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Roger and John

Advanced driving with IAM Lincolnshire

Lincolnshire Road Safety Partnership’s Communications Manager, John Siddle, recounts his experience of IAM RoadSmart’s Advanced Driver Course

Observation Drive

Last June I contacted IAM RoadSmart to take a free advanced taster drive. My observer, Ash, relaxed me straight away and explained there were no expectations I just had to drive how I do normally and he would assess how I had driven.  

I have always prided myself on my driving, whether it is two wheels or four, having driven all over the world including through jungles, deserts open highway – if it had wheels and an engine I would give it a go! Don't get me wrong, I’ve had the odd mishap, but I was always able to look back and say why it had happened. One or two were my fault where I recognise I could have done things better and, potentially, avoided it.

We pulled back into the carpark after what seemed ten minutes but had been just under an hour, Ash commended my driving, picked up a couple of things where improvements could be made and thanked me for such a pleasant drive!

The next stage was to go online and sign up to the Advanced Driver Course, I got the feeling of 'what have I let myself in for'.

The Book

Just a few days after subscribing the book arrived. It was easy to understand, logically set out with a few acronyms that I’d have to learn, but on the whole good common sense driving. Some discipline was needed around junctions and roundabouts: thinking about what I had taken for granted over the years and analysing a little more as to why, what if and how?

Run 1

Luckily Ash works 5 minutes from me, so we have agreed that Monday lunchtimes are now given over to Advanced Driving! Starting with our cockpit drill, we move off through the city on to quite a mixture of roads: narrow, wide, single track (with an abandoned car left in the road) opposing traffic in conflict, speed limit changes coming thick and fast as Ash guides me around the chosen route. Towards the end of our drive Ash tells me the next step, the acronyms, spoken thoughts and some habits that 36 years of driving have embedded in me that need to change! Ash is the consummate professional and commends me on the way I have driven; he is happy with what he has seen but adds where I need to make improvement.

Run 2

A wet and dreary lunchtime (British Summer!) gets us out among the traffic. I have read the book and looked at the list of phrases for my spoken thoughts! We make our way to the upper part of the city, moving around larger vehicles giving them space as they need, very quickly into a narrow village road, onto back lanes where passing places are an option, looking ahead Ash encourages me to look and think further ahead than I have previously, bringing up relevant spoken thoughts clearly shows I am trying to anticipate anything and everything: what if, what if what if – options! Always more options than getting involved in someone else's mistake, or worse, collision. The rain tries to spoil the drive but fails, I mentioned the road surface: wet, greasy and then back to dry as I progressed. Good positive drive, Ash gives me more to think about for the next Monday lunchtime. I manage to drop my main bad habit of braking whilst changing down. Spoken thoughts as I drive.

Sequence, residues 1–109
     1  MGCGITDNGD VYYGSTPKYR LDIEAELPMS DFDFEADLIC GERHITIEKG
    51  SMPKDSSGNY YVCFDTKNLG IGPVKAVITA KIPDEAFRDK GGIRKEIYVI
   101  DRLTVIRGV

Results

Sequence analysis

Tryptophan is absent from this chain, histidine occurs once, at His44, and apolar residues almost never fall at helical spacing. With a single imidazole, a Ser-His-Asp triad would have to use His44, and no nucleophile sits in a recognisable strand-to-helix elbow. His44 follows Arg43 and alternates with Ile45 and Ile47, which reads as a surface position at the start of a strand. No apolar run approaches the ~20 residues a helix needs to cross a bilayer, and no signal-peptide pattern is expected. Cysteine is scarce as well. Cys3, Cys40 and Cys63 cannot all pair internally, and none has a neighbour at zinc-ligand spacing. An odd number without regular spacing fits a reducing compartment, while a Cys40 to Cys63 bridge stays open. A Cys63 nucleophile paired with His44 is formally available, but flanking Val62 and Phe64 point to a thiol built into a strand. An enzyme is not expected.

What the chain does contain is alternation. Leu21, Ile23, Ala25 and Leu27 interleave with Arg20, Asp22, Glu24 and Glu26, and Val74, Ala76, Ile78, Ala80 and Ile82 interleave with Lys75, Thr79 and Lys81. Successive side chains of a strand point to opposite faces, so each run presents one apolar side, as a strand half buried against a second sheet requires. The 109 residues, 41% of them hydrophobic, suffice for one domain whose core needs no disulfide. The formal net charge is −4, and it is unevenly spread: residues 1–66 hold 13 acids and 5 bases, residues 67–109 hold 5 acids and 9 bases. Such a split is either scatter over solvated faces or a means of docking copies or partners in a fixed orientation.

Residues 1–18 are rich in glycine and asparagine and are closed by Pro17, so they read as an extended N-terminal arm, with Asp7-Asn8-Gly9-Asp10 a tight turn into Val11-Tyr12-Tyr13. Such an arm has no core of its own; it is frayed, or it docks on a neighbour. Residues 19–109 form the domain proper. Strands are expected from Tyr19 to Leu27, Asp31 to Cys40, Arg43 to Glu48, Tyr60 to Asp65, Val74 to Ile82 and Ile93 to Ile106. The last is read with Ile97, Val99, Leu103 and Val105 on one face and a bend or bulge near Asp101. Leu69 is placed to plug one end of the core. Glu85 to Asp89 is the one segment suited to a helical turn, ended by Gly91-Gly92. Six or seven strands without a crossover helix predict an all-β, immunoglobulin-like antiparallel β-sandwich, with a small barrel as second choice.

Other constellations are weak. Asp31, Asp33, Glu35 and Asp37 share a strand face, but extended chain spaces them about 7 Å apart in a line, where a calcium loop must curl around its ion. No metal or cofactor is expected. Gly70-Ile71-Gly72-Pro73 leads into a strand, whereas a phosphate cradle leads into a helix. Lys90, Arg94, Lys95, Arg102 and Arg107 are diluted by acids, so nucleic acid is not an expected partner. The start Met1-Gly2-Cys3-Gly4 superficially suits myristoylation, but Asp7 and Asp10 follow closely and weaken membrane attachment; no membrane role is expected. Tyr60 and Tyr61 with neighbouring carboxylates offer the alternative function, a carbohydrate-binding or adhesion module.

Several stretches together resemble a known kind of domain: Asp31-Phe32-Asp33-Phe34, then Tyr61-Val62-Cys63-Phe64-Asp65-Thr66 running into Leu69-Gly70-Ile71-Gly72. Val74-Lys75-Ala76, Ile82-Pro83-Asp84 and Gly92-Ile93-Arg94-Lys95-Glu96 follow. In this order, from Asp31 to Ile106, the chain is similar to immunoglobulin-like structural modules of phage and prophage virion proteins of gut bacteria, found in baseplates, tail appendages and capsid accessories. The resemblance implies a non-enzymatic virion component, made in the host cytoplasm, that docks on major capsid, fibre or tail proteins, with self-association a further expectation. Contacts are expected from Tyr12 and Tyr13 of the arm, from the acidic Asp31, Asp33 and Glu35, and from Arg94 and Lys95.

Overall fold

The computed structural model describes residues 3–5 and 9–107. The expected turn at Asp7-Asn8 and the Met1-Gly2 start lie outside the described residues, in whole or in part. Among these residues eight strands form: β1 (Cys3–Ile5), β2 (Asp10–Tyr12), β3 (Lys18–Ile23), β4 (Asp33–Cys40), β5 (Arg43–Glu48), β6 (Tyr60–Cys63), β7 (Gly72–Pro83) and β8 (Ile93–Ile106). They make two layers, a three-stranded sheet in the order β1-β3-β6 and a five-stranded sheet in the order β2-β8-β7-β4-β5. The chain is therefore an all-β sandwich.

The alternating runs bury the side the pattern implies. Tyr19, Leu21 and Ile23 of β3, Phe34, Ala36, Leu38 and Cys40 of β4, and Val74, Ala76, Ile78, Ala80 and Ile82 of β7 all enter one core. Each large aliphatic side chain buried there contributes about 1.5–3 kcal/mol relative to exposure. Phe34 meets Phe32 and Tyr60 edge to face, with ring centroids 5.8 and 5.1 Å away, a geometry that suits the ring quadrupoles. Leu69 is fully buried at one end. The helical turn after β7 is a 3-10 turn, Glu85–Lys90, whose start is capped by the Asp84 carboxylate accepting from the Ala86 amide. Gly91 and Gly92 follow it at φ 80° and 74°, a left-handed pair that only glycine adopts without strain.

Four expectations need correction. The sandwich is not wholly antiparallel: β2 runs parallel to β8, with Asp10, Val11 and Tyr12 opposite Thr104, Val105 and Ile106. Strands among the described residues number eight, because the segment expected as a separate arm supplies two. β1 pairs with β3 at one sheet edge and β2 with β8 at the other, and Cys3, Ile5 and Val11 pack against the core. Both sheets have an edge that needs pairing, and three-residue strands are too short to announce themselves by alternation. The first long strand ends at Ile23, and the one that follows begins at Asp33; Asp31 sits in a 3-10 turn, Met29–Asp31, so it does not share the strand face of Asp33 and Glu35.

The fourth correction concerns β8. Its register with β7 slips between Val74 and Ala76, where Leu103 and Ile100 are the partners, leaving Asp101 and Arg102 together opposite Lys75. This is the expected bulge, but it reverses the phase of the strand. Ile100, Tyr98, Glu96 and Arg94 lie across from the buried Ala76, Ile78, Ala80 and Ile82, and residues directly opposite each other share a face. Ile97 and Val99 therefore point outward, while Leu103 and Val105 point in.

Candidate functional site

Run 3

Check drive with a Master Driver! Kelvin takes us out on rural roads in the south of the County. “IPSGA” is clearly taking over my driving, some minor habits are hard to break but I only applied the brakes once whilst changing down! The flow of driving is getting better, I often prided myself that I could almost see another driver was potentially going to become a conflict; it seems there shouldn’t be any surprises if I use the system. My spoken thoughts are covering everything I see, the small, the slight, the insignificant and all of the bigger stuff too – information highway!

Run 4

A new route today, with awkward junctions that will challenge any driver. Work load is going up. Finessing the drive, using all the lessons so far to smooth out the ride. Nothing is a surprise or difficult. Braking points identified, sometimes too early. Getting there!

Run 5

Late September and everything is falling into line, a couple of hesitations, gear change timing. Possibly over thinking ahead of myself. Apply the system!

Run 6

Everything seems to have fallen into place, practice this whilst I'm driving every time. Whilst I would have found the level Ash expects of me hard in the early days, this is now with ease, feels natural and more relaxing!

The Test

I met my examiner, Andy, in Morton and set off on what became the most enjoyable driving test I have encountered! Pointing out skid marks on the road, looking long, making progress, anticipating but not assuming. The one and a half hours flew by. Andy's words “Congratulations! Good verbal understanding of HTBaBD, HC & RC. Excellent commentary.

Great observational links, e.g. noting skid marks prior to bends and farm entrances. Your easy joining of the A1 kept you in lane 1 when (to be fair a VERY early) change to lane 2 would have prevented a slight loss of progress when a stationary car emerged from n/s minor junction and you were baulked by 2 vans slowly approaching from behind in lane 2. And that is all I can say! You were consistently Safe, systematic, smooth and made progress where appropriate. You would make an excellent candidate for the Masters programme. Well done!”

 

Summary

The whole experience was a pleasure. I thought I was a fairly good driver, without sounding arrogant given my experience and the work I do. That said, this has opened up a whole new driving style for me and cleaned out a couple of bad habits that I was not aware of. The only thing I question is, why did I not do this years ago? Thank you IAM RoadSmart, Ash, Kelvin and Andy for taking me through a better way to drive.

John Siddle